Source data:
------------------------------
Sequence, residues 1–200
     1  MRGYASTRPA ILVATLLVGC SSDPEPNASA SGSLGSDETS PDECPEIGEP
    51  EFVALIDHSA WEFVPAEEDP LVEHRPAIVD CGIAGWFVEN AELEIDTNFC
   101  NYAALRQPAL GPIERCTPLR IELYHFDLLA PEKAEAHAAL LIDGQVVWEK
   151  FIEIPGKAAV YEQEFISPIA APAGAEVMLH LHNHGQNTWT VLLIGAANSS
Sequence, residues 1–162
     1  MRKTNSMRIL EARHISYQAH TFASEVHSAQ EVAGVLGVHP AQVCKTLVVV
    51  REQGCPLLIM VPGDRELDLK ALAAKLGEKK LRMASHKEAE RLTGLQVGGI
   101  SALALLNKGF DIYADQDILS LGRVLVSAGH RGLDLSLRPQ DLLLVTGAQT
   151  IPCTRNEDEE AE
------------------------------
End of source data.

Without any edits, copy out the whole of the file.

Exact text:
Sequence, residues 1–200
     1  MRGYASTRPA ILVATLLVGC SSDPEPNASA SGSLGSDETS PDECPEIGEP
    51  EFVALIDHSA WEFVPAEEDP LVEHRPAIVD CGIAGWFVEN AELEIDTNFC
   101  NYAALRQPAL GPIERCTPLR IELYHFDLLA PEKAEAHAAL LIDGQVVWEK
   151  FIEIPGKAAV YEQEFISPIA APAGAEVMLH LHNHGQNTWT VLLIGAANSS
Sequence, residues 1–162
     1  MRKTNSMRIL EARHISYQAH TFASEVHSAQ EVAGVLGVHP AQVCKTLVVV
    51  REQGCPLLIM VPGDRELDLK ALAAKLGEKK LRMASHKEAE RLTGLQVGGI
   101  SALALLNKGF DIYADQDILS LGRVLVSAGH RGLDLSLRPQ DLLLVTGAQT
   151  IPCTRNEDEE AE